Many homeowners also use radiant barriers in barns and outbuildings, where the reflective surfaces can help to keep the structures cooler. The material is especially effective in buildings with metal roofs, which tend to get very hot under the sun.
While radiant barriers seem to be very useful in reducing the cost of air conditioning, some experts caution against their overuse and suggest using them in combination with other forms of insulation in certain climates. Moreover, some states, such as Minnesota, have advised residents against their use because of aggressive marketing campaigns.
A radiant barrier should never be positioned so that it is facing ductwork in the attic, because it can trap heat inside the ducts and cause them to overheat. It is also important that the foil side of a radiant barrier is not touching the attic floor, because it can attract dust and other debris and interfere with the function of the attic floor insulation.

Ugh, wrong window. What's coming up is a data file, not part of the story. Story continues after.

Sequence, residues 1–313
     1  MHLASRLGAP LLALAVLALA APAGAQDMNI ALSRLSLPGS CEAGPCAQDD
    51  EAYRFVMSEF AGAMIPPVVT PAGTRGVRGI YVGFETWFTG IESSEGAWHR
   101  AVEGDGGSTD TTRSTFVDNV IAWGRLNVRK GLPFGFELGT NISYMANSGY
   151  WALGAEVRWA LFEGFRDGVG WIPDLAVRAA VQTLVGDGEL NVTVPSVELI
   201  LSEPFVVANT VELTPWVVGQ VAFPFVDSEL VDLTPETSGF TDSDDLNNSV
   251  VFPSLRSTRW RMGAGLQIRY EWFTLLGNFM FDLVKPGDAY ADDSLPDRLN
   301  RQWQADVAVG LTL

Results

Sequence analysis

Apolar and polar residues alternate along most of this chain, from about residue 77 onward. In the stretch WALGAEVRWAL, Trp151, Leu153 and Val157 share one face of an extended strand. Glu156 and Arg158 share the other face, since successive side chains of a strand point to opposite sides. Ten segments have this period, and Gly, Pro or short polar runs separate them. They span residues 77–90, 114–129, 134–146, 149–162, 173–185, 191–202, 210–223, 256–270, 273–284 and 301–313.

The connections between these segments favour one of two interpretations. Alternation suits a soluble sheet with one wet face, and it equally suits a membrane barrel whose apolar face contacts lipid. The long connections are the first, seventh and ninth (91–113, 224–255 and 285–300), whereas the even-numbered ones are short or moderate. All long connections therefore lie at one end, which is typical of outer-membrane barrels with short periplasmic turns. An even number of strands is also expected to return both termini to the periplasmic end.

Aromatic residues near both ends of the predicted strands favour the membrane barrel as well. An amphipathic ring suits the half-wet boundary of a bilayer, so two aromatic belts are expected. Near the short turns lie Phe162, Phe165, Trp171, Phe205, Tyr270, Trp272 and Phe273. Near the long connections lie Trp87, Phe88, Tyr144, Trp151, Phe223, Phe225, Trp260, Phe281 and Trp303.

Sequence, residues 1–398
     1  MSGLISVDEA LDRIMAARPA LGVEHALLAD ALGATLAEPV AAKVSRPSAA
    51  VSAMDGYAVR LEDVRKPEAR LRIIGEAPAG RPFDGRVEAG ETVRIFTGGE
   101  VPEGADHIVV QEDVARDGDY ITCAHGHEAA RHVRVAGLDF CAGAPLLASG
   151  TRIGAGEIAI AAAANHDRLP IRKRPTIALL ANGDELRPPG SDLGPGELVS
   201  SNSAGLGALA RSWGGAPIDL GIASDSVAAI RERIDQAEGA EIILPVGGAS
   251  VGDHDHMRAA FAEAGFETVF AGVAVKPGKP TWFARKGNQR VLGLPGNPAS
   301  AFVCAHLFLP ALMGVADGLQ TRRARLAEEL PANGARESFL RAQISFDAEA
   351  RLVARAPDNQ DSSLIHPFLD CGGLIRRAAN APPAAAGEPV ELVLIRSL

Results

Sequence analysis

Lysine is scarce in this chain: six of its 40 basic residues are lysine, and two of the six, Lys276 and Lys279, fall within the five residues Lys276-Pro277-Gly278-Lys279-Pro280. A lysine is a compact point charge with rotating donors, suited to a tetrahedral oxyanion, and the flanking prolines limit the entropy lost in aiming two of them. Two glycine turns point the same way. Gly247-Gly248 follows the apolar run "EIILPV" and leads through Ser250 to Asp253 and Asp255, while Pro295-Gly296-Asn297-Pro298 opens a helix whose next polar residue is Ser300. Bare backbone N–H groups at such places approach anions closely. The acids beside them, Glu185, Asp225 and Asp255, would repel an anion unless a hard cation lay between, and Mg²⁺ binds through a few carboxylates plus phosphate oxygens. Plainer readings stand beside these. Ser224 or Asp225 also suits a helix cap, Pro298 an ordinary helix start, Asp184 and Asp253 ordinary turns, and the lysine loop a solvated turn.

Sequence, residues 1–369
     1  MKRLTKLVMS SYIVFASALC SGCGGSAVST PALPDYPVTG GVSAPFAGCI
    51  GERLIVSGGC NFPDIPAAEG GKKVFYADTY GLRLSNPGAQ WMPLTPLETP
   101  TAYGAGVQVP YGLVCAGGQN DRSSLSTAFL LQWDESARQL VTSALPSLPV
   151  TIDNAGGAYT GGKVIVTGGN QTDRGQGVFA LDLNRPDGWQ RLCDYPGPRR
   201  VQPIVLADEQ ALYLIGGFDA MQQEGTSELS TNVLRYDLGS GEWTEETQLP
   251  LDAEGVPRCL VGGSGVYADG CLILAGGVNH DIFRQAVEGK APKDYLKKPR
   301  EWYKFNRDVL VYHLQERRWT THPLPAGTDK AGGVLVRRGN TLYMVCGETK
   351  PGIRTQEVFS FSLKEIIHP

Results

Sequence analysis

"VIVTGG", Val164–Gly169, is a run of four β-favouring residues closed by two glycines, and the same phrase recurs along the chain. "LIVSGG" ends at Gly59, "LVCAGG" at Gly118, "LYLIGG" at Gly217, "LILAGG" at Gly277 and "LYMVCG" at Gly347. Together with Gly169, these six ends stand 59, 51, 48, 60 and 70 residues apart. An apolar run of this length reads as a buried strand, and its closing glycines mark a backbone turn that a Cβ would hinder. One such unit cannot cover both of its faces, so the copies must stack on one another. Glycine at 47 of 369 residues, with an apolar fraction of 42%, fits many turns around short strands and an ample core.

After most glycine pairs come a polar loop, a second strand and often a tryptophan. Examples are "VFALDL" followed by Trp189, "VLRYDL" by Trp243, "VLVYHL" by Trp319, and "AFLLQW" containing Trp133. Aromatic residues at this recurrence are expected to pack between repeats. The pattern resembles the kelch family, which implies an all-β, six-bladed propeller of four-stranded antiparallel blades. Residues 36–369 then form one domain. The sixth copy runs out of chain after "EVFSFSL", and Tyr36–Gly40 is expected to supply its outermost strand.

It is a good idea to have a professional install a radiant barrier, since the proper positioning and application can make or break its effectiveness. Some builders offer to install radiant barriers for their clients, and they can also be bought at most home improvement stores.
One of the most common questions people have about radiant barriers is which way they should face. The best answer is that they should be installed with the foil facing down, so that it will reflect heat away from the structure and prevent it from escaping into the attic space below.
Some radiant barrier products are sold as kits, with everything needed to install the insulation in a home, including instructions and safety precautions. They can be purchased from most home improvement stores or online. Some of these kits come with a foam or bubble wrap layer that is sandwiched between the reflective layers. These plastic products claim to have a high R-value, but they are not actually insulating the attic space because the air trapped in the foam or bubbles is doing all the work of preventing heat transfer.